So I would not exactly call this show a "commercial for (the mental health) industry" Newman -- I think it would scare more people away from therapy than anything else!! I know many therapists who do not feel that it did us justice at all--but we keep watching!!!
ADDENDUM 5/10/09: In Season 2, I am glad to report, Paul is doing a much better job as a therapist--at least up to about Week 5!!! He's no longer inolved in multiple ethics violations, but is trying hard to put a life together. The challenges he faces in his personal and professional life are not rooted in his failings, just his weaknesses or vulnerabilities, and he is much more sympathetic as a character. And much more effective as a therapist. The show still has plenty of intensity and punch, so maybe it goes to show you don't have to have a therapist sleeping iwth patients to get ratings.
Posted on Nov 11, 2009 8:45:26 AM PST
Last edited by the author on Nov 11, 2009 8:48:41 AM PST
I agree with "doctorwww" totally, and I'm delighted to hear this from a psychiatrist. I have thought for some time that the series ought be incorporated in psychiatric and psychology residency programs. Seems to me it would be great training vehicle (both for what to do and what not to do), and I'm glad to see that a psychiatrist agrees with me. Now who's going to market it to residence programs?
In reply to an earlier post on May 25, 2013 9:54:22 AM PDT
William W. Wood says:
First of all, Paul is NOT a psychiatrist! He is a psychologist and they are NOT physicians. Accordingly, they never prescribe medications because they are not licensed to do so in almost all 50 of the United States. And he didn't leave any drugs "lying around;" they were in the medicine chest in his restroom. Nonetheless, he should never have any drugs of any type anywhere near his therapy office for the reason you mention. As for my "industry," that comment sounds like Scientology-speak. Hmmmm.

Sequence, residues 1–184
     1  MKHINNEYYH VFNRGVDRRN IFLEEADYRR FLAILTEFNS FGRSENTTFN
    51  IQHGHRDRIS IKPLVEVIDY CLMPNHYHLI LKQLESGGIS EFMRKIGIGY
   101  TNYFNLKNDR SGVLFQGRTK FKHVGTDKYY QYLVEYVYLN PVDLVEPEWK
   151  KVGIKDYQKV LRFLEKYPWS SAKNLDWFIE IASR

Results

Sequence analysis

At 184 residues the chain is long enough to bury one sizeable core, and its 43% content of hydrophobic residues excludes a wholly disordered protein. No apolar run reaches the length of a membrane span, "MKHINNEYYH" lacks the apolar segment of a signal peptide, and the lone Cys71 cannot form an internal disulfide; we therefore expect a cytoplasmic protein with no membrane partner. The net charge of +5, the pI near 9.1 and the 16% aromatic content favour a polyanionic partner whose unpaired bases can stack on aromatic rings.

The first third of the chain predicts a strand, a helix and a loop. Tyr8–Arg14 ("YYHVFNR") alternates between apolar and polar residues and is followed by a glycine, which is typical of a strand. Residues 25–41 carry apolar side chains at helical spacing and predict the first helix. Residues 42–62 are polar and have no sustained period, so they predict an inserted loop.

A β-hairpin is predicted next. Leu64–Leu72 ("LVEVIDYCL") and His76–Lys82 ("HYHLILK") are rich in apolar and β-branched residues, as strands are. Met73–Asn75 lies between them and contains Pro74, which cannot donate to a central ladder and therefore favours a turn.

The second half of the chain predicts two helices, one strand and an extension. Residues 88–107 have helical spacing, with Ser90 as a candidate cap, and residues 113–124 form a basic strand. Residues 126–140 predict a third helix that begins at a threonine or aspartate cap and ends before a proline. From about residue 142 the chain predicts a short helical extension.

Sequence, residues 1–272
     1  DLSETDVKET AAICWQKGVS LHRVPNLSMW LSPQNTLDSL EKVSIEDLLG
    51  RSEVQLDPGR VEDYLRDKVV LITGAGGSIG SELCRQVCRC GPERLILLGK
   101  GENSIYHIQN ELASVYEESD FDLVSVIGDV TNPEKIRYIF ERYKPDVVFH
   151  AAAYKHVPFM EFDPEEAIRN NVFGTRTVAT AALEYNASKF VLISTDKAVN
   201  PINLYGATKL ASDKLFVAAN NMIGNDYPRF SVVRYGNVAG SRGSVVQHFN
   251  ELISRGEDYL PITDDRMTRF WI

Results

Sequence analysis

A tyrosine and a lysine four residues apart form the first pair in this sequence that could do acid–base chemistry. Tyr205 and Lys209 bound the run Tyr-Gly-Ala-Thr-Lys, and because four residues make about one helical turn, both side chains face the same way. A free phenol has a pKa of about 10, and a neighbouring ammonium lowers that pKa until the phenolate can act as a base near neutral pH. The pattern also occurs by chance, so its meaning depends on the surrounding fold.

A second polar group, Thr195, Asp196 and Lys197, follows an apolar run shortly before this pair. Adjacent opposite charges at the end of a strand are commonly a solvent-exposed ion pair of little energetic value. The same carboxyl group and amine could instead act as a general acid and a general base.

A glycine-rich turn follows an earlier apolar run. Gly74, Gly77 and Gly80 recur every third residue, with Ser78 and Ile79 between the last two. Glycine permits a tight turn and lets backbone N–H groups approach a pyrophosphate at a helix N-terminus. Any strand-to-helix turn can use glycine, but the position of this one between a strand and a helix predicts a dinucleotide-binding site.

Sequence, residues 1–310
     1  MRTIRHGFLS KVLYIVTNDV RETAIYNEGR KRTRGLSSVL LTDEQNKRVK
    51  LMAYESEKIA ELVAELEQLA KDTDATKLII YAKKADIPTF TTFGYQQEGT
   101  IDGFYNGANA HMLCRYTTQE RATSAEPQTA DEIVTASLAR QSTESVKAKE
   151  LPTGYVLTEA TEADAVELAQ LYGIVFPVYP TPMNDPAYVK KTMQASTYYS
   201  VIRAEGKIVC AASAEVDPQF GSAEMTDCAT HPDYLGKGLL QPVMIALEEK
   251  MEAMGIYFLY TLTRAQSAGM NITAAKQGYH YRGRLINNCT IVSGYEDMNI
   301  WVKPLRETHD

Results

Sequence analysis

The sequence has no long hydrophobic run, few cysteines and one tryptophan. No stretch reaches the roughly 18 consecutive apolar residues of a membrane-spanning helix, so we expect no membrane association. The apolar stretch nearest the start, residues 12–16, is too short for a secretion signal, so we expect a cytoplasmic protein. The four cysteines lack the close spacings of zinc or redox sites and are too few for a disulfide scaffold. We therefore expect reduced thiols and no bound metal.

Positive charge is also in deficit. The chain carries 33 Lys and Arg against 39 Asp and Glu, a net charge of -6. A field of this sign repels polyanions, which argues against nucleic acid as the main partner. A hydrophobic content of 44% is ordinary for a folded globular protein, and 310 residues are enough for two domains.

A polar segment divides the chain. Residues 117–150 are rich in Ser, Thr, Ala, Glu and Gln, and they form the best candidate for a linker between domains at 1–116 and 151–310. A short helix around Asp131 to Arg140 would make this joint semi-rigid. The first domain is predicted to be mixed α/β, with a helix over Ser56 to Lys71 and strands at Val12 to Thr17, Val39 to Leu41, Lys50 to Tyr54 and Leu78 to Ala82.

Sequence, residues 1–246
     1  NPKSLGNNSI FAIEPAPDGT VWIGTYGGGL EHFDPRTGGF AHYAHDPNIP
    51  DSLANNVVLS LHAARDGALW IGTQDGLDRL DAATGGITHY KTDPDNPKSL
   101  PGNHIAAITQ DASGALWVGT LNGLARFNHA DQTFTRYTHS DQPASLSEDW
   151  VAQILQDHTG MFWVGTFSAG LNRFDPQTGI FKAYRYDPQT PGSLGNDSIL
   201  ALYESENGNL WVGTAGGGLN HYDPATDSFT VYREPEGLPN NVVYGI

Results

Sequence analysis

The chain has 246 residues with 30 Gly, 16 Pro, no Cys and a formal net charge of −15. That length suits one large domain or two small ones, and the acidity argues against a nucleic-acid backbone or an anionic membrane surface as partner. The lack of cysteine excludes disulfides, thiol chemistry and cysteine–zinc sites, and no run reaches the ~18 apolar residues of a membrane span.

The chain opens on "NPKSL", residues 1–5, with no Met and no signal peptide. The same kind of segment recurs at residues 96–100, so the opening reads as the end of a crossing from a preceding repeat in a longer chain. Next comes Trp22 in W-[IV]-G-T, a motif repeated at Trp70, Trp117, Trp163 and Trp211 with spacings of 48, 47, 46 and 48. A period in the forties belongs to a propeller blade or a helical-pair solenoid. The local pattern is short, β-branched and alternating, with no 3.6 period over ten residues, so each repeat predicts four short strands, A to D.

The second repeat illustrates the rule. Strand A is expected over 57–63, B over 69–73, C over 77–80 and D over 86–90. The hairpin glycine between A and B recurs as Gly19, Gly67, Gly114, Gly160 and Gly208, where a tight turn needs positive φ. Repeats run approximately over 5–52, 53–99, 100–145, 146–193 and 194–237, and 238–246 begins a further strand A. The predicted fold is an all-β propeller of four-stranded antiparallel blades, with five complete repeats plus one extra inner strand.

In reply to an earlier post on Aug 31, 2014 11:44:35 PM PDT
I agree with all you say, William, great review. I am a cognitive psychologist and therapist, so I had small quibbles about the lack of differentiation between psychiatrists, psychologists, and psychotherapists (the writers referred to him interchangeably as psychiatrist and psychologist throughout. He behaved mostly like a psychotherapist, nothing was shown of diagnosis or diagnostic testing), but I too thought it profound and loaded with existential issues and profound professional issues that interest me greatly.
I'm replying to say I've long thought Ordinary People and Sybil were the finest examples of the therapeutic process on film (in both cases featuring psychiatrists employing eclectic methodologies, not just prescribing drugs and sending people packing). As much as I love them both, In Treatment eclipses them, phenomenal.
In reply to an earlier post on Sep 1, 2014 12:08:35 AM PDT
Last edited by the author on Sep 1, 2014 12:54:56 PM PDT
Harvey, I agree pretty much with all you say (a few years after the fact, I'm just now watching this). I reacted to all the ethical stuff too, and his being manipulated by Laura and reinforcing her pathological behavior, etc. But the nuts and bolts of the therapeutic process, e.g., giving people time to think, allowing, whenever possible, for clients to formulate their own conclusions and arrive at their own epiphanies; offering interpretations sparingly and at the perfect times; accepting clients, a la Carl Rogers; and NOT jumping in and correcting their cognitive thinking errors (until presumably later, when they're ready for it), were so refreshing and well-demonstrated that I think, ALONG with the fact that it also demonstrates what NOT to do, as you describe, that it should be seen by anyone contemplating becoming a therapist. It also shows what unglamorous, grueling, and solitary, isolating work it can be. Not for everybody!
In reply to an earlier post on Nov 13, 2014 11:59:00 AM PST
Last edited by the author on Nov 13, 2014 12:06:03 PM PST
Carol A. Maderer says:
I appreciated reading opinions from mental health professionals. I found this series compelling when I watched it the first time. Currently I am working on a Master's in Counseling and wondered how realistic Paul's portrayal really is. It seems that his technique and skills come from the "what you're supposed to do" AND "what you're not supposed to do" school of counseling.
I recommended the show to my Basic Skills Counseling professor a couple weeks into the semester. I thought watching segments in class might be entertaining and spark lively discussions. Our recorded sessions, however, are critiqued by the instructor and our fellow students as a teaching tool. Nonetheless, I continue to re-watch the show with a critical eye. As an aside, my favorite episodes are Paul's counseling sessions with Gina.